Redux: Everything under the UI

Once we get our infrastructure under our UI right, plugging UI components will become a breeze.


Clone the start branch to follow. Clone the final branch to follow the concepts skimming through the code quickly.

// Repository
// Clone start branch:
git clone -b 04-create-slices-start
// Clone final branch:
git clone -b 04-create-slices-final


If you choose to follow with the start branch, Install the below dependencies.

npm i algoliasearch firebase react-router-dom slugifynpm i -D @types/react-router-dom

Mental Model: Units of Exchange

The below article sets up the mental model we use to simplify any. react application.

  • Actions
  • Hooks

User Slice

This independent slice manages the authentication by exposing the below selectors, actions, and hooks.


A redux slice can be compared to a database and a REST API that interacts with the database.


Actions typically write or modify the state.


We wrap the functions with createAsyncThunk to include them within the redux flow. We don't have to wrap these functions with try-catch as we handle them within extra reducers.

Synchronous actions

The User slice has setUser as the only synchronous action. It is synchronous for the redux as we use firebase auth listener from a custom react hook and we update user slice synchronously.

export const { setUser } = userSlice.actions
export default userSlice.reducer

Hidden Immutability

Redux toolkit uses ImmerJS in its reducers making the updates simple.

The importance of PayloadAction type

If we don’t specify action: PayloadAction<User|null> to our action parameter, by default, the type of action payload will be any as the redux toolkit does not know what to expect in any of these actions.

action without PayloadAction type
action with PayloadAction type


On signin async action, we would have returned a value for our extraReducer if we were using any other auth services that don’t provide a listener.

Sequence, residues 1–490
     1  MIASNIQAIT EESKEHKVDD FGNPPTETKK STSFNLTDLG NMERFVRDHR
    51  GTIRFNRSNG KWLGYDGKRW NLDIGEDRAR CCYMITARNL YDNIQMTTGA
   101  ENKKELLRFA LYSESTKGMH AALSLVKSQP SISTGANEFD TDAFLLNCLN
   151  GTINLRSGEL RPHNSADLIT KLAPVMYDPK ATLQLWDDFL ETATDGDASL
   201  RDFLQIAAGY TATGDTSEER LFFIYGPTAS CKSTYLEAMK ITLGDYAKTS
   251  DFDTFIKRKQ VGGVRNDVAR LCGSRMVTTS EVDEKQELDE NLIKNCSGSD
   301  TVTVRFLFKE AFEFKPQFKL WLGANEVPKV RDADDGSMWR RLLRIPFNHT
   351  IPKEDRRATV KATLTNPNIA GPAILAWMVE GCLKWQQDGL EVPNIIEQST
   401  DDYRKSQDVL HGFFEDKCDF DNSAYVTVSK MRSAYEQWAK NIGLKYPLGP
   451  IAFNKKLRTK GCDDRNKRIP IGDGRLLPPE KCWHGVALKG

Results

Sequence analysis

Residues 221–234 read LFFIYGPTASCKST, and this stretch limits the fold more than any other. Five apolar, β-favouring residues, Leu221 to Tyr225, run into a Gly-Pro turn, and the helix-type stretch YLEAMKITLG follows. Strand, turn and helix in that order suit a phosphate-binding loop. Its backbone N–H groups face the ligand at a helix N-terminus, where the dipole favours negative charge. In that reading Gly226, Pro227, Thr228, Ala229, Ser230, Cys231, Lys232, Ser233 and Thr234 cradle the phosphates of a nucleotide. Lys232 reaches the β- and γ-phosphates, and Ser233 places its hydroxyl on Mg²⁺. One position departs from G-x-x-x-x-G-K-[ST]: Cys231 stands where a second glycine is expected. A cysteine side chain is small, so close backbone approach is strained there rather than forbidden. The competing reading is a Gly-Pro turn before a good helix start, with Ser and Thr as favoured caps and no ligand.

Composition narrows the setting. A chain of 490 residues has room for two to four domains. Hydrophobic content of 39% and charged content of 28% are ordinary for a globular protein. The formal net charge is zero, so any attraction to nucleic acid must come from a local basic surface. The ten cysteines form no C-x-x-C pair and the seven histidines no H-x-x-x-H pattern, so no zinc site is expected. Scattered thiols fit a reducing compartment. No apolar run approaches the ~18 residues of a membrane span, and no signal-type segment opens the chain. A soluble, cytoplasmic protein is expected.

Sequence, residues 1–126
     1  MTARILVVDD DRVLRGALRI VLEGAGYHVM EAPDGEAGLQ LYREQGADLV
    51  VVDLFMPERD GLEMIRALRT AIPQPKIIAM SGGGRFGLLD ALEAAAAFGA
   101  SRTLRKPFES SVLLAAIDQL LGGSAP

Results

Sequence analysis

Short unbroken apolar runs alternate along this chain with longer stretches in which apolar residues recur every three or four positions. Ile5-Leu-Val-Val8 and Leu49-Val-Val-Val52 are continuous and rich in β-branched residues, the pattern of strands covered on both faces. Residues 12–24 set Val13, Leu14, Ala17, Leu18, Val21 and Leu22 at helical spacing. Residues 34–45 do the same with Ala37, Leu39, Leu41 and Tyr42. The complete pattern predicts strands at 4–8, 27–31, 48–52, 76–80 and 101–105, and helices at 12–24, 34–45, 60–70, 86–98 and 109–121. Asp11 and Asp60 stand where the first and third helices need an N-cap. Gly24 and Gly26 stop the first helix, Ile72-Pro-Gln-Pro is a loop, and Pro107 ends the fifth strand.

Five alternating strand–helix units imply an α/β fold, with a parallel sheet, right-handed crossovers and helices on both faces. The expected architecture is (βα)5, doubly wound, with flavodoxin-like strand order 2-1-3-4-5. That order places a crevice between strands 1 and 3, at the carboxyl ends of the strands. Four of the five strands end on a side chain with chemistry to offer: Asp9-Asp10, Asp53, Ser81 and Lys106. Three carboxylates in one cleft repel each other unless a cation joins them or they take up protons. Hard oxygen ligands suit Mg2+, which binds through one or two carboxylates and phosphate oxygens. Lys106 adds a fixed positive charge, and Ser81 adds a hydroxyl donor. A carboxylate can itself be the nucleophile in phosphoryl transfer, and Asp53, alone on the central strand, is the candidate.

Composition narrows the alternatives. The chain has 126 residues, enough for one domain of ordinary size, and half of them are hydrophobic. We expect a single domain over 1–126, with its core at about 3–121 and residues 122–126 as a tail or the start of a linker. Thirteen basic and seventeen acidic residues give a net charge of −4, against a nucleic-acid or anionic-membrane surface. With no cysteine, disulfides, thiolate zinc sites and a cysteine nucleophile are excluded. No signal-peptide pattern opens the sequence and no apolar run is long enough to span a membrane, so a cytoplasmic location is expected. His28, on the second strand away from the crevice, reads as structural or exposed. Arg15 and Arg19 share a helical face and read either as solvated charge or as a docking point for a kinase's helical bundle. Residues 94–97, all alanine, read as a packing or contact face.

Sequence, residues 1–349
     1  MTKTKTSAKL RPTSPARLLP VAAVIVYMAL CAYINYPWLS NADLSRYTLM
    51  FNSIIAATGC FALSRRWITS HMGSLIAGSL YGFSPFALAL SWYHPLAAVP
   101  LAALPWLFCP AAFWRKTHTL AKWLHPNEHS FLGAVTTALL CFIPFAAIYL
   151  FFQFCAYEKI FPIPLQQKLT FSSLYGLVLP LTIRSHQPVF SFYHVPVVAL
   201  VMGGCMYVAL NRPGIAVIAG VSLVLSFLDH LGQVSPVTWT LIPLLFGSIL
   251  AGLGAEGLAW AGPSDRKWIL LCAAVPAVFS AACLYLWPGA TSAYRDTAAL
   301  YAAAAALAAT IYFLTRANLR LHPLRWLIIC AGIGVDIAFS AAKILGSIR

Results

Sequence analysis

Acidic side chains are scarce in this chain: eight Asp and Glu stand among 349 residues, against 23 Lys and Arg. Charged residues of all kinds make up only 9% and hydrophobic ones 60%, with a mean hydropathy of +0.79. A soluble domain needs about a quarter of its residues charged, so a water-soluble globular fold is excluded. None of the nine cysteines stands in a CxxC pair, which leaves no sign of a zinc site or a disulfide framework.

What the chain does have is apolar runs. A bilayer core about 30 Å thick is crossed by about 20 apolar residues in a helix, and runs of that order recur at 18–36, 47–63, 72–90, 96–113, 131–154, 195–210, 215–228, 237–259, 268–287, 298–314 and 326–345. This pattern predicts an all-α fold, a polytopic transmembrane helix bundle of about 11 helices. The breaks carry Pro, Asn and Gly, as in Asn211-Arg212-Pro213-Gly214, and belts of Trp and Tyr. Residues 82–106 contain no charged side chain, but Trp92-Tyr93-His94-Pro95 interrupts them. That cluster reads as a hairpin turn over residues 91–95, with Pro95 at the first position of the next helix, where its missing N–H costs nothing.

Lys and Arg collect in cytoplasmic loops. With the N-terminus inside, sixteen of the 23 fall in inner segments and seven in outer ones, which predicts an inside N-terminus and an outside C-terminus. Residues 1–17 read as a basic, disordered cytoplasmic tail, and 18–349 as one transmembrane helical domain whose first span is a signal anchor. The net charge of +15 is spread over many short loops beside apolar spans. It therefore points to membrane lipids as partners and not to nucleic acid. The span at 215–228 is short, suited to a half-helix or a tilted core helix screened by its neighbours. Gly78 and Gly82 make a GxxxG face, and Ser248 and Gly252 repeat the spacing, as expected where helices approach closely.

• We create a subscription to the listener and dispatch(setUser({/* data */})) whenever the auth state changes.
  • Returns unSubscribe that detaches the auth listener as a cleanup function that runs when the component unmounts.

Connect the slice to the store

Till now we are dealing with one domain. We need to connect this to the global store.


What selectors do the outer world(in the project) expect from this user domain?


The game slice is pretty elaborate. The below shows the index file. I suggest you look at the types we created for the game to know possible values we can have for genres, sections, etc.

Dynamic prop in slice’s state

Let's look at the type and the state of this slice.

GameSlice State

Default values for state props

Also, notice the defaultAsyncGame and defaultAsyncGames. They make sure at any point in execution, the structure of the data is preserved.

Async actions that return value

In the last slice, we saw how we deal with async action using createAsyncThunk and expecting the outcomes in extraReducers property. But those actions did not return a payload value. All we did was set up loading, fulfilled, and error state.

ExtraReducer with builder instance

The syntax of extraReducer can be offputting. If you want to avoid this extra vocabulary builder and addCase you can go for the simple object notation with dynamic property keys.

[getGamePage.pending]: (state, action)=> {}
[getGamePage.fulfilled]: (state, action)=> {}
[getGamePage.rejected]: (state, action)=> {}
type of getGamePage action

Dynamic property key in ExtraReducer

Our application deals with twenty-nine genres like Action, Adventure, etc. We can not write an extraReducer case for all those genres separately.

  • Output: { games } of type Game[]
dispatch(getGamesGenre({ property: 'Action' }))
.addCase(getGamesGenre.fulfilled, (state, action) => {
const { property } = action.meta.arg
const { games } = action.payload
state.genres[property as GameGenre] = {items: games}
  • Assign state using dynamic keys like state.genres[property as GameGenre]

Exposing Actions vs Hooks

Traditionally in redux unidirectional flow, we only deal with incoming data and outgoing actions. The hooks we expose here are simple react custom hooks that dispatch outgoing actions.

  1. We re-fetch game details when the gameId changes. (The dependency array has [gameId])